I really don’t know why Shane Hayes thinks it’s some kind of admirable accomplishment of his, that he builds beliefs on shit he has no idea about and doesn’t even know is true or false, and is willing to mouth platitudes in lieu of having actual sincerity, and then chooses to ignore all criticism and hand-wave it away when it’s offered (as it has been–twice–over at Friendly Atheist). And he does so because he thinks it’s better to be happy and deluded than unhappy and walking in the truth.
The important thing to remember here is that the truth doesn’t care how someone feels about it. It is what it is, and we accept it or not, and make peace with it as best we can or else we rail against it and try to change it.
At least, we do that when we are honest with ourselves.
That’s why his smarmy insistence on how wunnerful Christianity feels for him grates on me the way it does. Of course Christianity offers “a lush Capri of the soul” for him. Like any abusive person must, it has to have some charms or nobody would ever put up with its shit. The manufactured needs that are fulfilled and the illusory joys that are offered by this religion do indeed satisfy a great many people and stop them from seriously engaging with the lack of credible claims (and debunked claims) in it. The threats that it makes, however, are even more inescapable for many folks. Somehow Mr. Hayes doesn’t mention those walking along the coastline of his pretty island.
By contrast, atheism can seem downright bleak in some ways to a Christian–it has no friendly Boyfriend!Jesus hovering around it, ready to embrace believers and be everything they ever needed in a father, spouse, and friend. It has no promise of eternal joy in some magical Never-Never Land whose existence has never been verified. It offers no cosmic justice to be meted out, no satisfying closure to the question of our mortality, and no external force exerting control on believers’ lives.
It really sounds here like Mr. Hayes is talking about the conceptualization of nihilism that Christians imagine atheists hold. In their strawman conceptualization, such Christians think that because atheists don’t have that external force giving their lives meaning and value, their lives can’t have meaning and value at all. Because they don’t have Christian joy, they can’t have joy at all. Because they don’t have Jesus in their hearts calming them down, they cannot feel peace. When Mr. Hayes talks about icy wastelands versus lush islands, he’s just parroting bullshit I heard 20+ years ago in my own church. We all thought non-Christians were miserable, even if they acted happy and said they were happy. We were all convinced we knew their emotional states better than they did. Nobody could be happy without Jesus–right? Right? Getting to know atheists who seemed very happy was a real problem for me in college, consequently. They certainly weren’t dwelling in icy misery. It’s not that I didn’t know atheists who didn’t seem perfectly happy–some were happy, some weren’t. But of the ones who weren’t, I couldn’t put it down to their atheism at all no matter how hard I tried. And they certainly had plenty of meaning in their lives–more than I did, since I was straining and struggling to hear a god’s whisper in my heart about what I should do with my life, while they just trusted themselves to go in the right direction–the damnable heathens!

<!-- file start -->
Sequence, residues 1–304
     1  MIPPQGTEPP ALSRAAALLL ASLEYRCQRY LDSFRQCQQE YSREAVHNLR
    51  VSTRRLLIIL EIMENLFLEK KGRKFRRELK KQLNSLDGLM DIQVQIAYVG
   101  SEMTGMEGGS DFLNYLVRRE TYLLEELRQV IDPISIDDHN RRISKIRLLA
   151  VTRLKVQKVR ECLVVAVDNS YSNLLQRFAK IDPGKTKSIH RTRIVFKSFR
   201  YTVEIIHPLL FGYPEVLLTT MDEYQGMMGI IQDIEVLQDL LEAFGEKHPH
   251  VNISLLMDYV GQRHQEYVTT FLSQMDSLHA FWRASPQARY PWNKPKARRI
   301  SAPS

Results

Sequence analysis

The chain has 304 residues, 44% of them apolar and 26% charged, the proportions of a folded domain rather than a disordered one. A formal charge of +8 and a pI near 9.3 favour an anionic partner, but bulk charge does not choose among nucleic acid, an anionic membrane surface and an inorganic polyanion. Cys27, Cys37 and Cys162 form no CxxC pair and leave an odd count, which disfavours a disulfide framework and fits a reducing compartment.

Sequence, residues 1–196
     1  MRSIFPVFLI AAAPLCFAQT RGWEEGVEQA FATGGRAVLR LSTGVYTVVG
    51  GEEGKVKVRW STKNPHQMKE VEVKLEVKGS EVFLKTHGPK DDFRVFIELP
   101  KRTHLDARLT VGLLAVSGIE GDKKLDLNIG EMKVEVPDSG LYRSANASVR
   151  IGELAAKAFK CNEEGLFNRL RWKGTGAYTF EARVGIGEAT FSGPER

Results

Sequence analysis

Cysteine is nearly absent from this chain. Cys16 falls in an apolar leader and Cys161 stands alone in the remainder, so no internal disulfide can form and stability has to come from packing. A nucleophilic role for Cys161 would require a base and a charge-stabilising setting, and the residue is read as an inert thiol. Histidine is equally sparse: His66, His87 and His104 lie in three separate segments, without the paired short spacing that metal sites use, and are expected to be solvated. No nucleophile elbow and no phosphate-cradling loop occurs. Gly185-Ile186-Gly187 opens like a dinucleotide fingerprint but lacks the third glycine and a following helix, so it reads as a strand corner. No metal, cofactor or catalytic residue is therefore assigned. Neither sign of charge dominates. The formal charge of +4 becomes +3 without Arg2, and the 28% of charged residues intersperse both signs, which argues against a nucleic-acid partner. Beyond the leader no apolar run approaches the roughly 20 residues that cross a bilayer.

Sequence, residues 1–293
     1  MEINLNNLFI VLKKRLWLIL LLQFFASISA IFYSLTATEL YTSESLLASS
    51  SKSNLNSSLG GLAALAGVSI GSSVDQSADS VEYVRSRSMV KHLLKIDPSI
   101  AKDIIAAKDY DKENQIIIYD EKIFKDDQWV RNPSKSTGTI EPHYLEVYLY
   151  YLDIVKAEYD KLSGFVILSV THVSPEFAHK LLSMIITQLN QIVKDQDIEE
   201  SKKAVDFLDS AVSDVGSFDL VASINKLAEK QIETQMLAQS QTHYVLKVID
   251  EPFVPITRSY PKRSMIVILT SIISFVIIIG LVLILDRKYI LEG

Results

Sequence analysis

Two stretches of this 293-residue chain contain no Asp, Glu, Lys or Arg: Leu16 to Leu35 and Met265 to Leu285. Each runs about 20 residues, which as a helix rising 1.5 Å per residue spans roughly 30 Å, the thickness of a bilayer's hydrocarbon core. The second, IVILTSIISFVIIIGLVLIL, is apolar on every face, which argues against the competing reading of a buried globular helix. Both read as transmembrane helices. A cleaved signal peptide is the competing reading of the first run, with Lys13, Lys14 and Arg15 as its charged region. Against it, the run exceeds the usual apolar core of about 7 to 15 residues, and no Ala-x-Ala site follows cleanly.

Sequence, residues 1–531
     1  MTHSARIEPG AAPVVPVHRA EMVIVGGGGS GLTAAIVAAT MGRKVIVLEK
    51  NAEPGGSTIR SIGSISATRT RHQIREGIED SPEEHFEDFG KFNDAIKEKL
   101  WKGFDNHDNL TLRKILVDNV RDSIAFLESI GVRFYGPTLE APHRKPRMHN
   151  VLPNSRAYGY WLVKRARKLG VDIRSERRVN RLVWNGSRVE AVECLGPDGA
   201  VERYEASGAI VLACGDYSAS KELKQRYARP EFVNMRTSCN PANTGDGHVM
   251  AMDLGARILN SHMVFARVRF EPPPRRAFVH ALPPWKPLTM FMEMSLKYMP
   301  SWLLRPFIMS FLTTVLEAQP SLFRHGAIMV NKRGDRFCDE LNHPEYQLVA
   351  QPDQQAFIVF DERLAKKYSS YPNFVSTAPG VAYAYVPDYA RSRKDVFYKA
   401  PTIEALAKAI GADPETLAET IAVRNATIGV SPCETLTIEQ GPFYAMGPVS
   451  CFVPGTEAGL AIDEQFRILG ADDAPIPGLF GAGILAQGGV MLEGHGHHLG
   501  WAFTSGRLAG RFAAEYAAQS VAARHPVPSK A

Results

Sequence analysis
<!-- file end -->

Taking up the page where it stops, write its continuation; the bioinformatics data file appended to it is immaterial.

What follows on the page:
I develop that idea about cosmic purpose more here, for the newer folks to the blog, but for now let’s just say that just a few minutes’ conversation with atheists and non-Christians would have fixed this misconception Shane Hayes has of atheism being some bleak, windswept, barren realm of ice and awfulness. His own understanding of atheism might have been like that, largely because he never took the time to learn much about it and because his time away from Christianity wasn’t more than a petulant temper-tantrum before he got himself sorted out and returned to the religion again. But you’d have to look a long time to find many atheists who think that way in the real world about atheism. In fact I’d say that one can really only find atheists like that in the ex-atheist-converted-to-Christianity crowd–not all of them, but enough that it’s clear that this is a Cult of Before Stories situation wherein those converts realize that claiming to have been atheists before their conversions gets them a lot of attention and possibly financial gain than not claiming such a past.
It’s more than a little irresponsible of people to claim they were atheists in such a context. The Christians who are his target audience will likely come away from this book thinking yes, this is what atheists are like, the poor dears, and it will take even longer to sort them out than it otherwise would.